What is the best T-shirt printing method, Screen Printing, Direct-To-Garment or Heat Transfer? This is one of the most common questions that customers ask when they order custom T-shirts and apparel in general. The quick answer is that all three printing methods have pros and cons, and it will depend on your specific needs, budget and preferences to what printing method you select. In this post we will explore each method so that you can make an informed decision about which technique works best for your project.
Screen printing has been used to applying ink onto fabric since the 10th century. It's done by pressing a mesh screen onto a garment and then pushing ink through it. This method produces high quality and long lansting prints with smooth edges. Screen printing method is great for custom apparel shops that do large runs of the same design regularly, such as schools, universities/colleges, political campaigns and any large organizations. It's not ideal for smaller quantities of multi-coloured logo or image, because requires multiple screens (one for each colour) to create a finished product.
The durability of screen printed apparel is higher than other printing methods, as the ink has penetrated the fabric. They'll hold up well over time without fading or cracking after prolonged exposure in harsh conditions such as washing and drying machines.
Direct to Garment
Direct-to-garment is a new printing technique that uses digital technology to print on textiles. It has been around since the 1990s, but it wasn't until 2010 that this process started to gain popularity as an alternative to screen printing.
The main advantage of direct-to-garment is that it allows to print small quantities of custom t-shirts at a reasonable price. It is not a very quick technology at the moment, and this affects the final cost and tight deadlines. Normally in orders over a hundred pieces we recommend our customers to go a hundred percent screen printing if the design is suitable for it.
Heat transfer printing is a method that uses a combination of heat and pressure to transfer cut-out designs or digital printed image onto a garment. The process can be used to print on t-shirts, hats, bags and other non-garment items.
Heat Transfer uses two types of custom heat transfer: vinyl and digital. Vinyl heat transfer, uses cut-out vinyl designs that are transferred to a garment or a non-garment item using a heat press. On the other hand, Digital heat transfer, uses solvent ink to print designs onto a special heat transfer paper and then onto fabric. Both techniques produce excellent custom apparel, and depending on your specific project one would be more ideal to use than the other.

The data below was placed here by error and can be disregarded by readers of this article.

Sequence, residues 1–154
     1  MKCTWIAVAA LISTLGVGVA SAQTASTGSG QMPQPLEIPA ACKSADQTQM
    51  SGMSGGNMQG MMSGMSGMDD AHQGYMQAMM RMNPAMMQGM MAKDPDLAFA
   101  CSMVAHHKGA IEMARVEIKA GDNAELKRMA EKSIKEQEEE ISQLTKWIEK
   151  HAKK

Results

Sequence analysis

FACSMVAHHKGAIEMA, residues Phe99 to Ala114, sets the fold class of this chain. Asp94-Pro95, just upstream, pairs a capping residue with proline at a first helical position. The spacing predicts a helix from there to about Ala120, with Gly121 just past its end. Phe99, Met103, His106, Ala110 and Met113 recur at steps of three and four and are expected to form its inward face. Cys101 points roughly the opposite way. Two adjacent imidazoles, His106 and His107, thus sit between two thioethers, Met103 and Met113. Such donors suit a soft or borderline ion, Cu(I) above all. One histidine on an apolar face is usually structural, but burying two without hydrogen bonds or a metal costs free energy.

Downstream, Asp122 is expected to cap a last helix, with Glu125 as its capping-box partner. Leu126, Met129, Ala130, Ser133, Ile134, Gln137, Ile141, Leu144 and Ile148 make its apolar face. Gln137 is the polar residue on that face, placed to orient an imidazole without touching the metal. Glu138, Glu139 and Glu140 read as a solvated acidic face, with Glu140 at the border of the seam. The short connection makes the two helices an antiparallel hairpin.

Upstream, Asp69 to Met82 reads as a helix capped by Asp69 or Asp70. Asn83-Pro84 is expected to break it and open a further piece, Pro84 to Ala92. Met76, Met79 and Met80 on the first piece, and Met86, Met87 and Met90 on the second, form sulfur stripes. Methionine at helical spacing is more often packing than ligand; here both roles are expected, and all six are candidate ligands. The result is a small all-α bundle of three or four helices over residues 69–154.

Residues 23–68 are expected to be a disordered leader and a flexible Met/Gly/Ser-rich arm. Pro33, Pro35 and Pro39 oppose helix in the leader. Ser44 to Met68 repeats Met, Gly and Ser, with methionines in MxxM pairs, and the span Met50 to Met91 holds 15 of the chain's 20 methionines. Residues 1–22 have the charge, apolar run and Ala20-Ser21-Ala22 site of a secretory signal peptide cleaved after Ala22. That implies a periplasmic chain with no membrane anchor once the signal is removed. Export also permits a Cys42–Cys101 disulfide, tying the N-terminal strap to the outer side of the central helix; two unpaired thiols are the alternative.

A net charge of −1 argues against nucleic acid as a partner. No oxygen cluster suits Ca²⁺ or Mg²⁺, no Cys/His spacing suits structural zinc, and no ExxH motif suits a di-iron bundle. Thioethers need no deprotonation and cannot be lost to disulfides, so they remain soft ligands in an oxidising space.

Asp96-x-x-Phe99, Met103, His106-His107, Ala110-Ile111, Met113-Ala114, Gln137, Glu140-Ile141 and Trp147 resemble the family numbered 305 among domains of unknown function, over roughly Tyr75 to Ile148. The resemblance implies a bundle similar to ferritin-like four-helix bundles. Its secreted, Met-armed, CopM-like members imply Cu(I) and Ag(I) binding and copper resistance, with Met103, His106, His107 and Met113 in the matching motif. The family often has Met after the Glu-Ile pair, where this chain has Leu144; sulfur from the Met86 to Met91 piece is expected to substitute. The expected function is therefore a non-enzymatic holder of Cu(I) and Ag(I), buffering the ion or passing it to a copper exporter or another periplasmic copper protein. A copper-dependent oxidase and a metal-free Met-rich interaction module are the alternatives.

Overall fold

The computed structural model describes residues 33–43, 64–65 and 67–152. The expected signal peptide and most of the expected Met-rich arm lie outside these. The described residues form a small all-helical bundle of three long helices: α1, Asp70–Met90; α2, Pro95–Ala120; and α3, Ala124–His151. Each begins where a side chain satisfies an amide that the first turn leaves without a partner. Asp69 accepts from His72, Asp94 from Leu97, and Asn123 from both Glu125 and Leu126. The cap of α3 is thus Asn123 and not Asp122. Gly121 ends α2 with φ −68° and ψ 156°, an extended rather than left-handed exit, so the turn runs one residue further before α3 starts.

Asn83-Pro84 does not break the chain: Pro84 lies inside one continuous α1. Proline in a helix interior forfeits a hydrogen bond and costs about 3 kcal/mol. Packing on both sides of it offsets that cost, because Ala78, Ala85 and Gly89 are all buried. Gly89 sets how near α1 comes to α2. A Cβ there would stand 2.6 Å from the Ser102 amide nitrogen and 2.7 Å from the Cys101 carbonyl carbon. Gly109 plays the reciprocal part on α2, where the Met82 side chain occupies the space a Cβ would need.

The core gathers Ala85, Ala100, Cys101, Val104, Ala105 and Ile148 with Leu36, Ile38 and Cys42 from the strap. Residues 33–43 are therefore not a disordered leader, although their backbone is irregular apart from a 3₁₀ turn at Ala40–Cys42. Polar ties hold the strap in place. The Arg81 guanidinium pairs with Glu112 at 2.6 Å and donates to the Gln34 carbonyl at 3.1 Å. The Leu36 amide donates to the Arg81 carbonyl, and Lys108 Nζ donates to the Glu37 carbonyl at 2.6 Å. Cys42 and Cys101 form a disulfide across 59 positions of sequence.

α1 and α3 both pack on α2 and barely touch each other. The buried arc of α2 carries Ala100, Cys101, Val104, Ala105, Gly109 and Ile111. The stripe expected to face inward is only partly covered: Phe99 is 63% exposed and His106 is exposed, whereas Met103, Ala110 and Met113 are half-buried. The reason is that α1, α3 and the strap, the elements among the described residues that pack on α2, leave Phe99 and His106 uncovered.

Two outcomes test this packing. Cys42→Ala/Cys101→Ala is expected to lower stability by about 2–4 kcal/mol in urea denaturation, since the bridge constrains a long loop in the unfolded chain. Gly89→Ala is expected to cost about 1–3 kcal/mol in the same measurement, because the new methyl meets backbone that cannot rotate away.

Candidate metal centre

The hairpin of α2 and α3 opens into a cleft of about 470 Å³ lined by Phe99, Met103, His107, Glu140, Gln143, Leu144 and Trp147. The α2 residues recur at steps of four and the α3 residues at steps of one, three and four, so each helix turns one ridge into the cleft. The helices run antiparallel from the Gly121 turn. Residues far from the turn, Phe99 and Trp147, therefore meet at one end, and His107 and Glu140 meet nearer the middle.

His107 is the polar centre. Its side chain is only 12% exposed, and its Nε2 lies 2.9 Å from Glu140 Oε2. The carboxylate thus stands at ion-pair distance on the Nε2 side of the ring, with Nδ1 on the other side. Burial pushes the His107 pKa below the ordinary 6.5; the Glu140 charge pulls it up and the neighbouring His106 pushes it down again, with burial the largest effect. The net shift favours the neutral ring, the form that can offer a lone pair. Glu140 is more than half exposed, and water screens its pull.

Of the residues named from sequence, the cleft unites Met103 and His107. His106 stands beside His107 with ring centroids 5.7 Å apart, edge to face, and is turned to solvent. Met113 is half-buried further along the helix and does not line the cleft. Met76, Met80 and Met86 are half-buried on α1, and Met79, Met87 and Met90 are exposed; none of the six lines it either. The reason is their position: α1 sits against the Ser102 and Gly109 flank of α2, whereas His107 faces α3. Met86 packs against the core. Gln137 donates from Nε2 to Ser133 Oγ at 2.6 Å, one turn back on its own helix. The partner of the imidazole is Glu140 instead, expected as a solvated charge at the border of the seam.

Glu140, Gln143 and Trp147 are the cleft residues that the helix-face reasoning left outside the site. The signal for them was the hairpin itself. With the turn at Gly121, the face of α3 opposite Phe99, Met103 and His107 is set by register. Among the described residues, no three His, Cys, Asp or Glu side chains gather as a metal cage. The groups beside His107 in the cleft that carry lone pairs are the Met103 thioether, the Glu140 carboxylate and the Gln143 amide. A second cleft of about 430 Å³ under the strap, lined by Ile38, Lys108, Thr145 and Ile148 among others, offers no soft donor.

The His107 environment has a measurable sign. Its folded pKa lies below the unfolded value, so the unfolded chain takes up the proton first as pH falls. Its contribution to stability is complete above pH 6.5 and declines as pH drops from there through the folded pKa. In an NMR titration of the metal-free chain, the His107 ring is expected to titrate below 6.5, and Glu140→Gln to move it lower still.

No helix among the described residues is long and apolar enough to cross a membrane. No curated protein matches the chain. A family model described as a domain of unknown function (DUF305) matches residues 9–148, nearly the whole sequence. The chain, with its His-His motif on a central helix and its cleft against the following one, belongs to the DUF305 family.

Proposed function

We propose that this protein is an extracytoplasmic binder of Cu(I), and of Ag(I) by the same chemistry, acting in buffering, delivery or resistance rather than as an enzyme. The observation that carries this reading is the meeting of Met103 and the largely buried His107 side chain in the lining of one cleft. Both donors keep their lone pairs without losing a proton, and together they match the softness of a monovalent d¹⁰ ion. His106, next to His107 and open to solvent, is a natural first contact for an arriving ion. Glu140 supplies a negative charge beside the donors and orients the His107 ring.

All three custom printing methods produce excellent results when using accordingly. The most obvious benefit of direct-to-garment and heat transfer vs screen printing is the resolutions. Direct-to-garment and heat transfer are far better at capturing that photographic feel. Screen printing technology uses a larger pixel to get the impression of the image, and with this it looses some of that nicer detail that can be hold up on the digital printing used in direct-to-garment and heat transfer processes.
One of the main advantages of screen printing is getting more, for less! Screen printing is the most affordable method when ordering large quantities of apparel with 1 or 2 colour print. This means that you can supply your entire company or event without breaking the bank in the process.
As with so many things in life, there are many factors to consider when choosing whether to use screen printing, direct-to-garment or heat transfer for your custom apparel. Some of these factors include: design complexity, colour, durability, fabric choices, and the size of your order. Here’s a breakdown of when to use each process:
Use screen printing if:
Your logo is simple (1-2 colours) and includes bright colours.
You want the finished product to withstand machine washing well.
You have a large order to fill.
All shirts will have the same logo/design.
Use direct-to-garment if:
You’re making a small order, or need to make frequent small orders.
You're printing a photorealistic image with lots of colours and gradients.
You're printing a complex logo on any fabric colour.
Use heat transfers if:
You’re making a small to medium order, or need to make frequent small orders.
You're printing a logo or design with an intricate image with three or more colours.
You need to individualize each item, such as different numbers or names for team uniforms.
You need high-quality images for short-term use.
We hope this guide has helped you understand the differences between screen printing, direct-to-garment and heat transfer. If you're still not sure which one is right for you, Contact us Today! at email@example.com or 905-827-4759. We will be happy to help you with your next custom apparel project.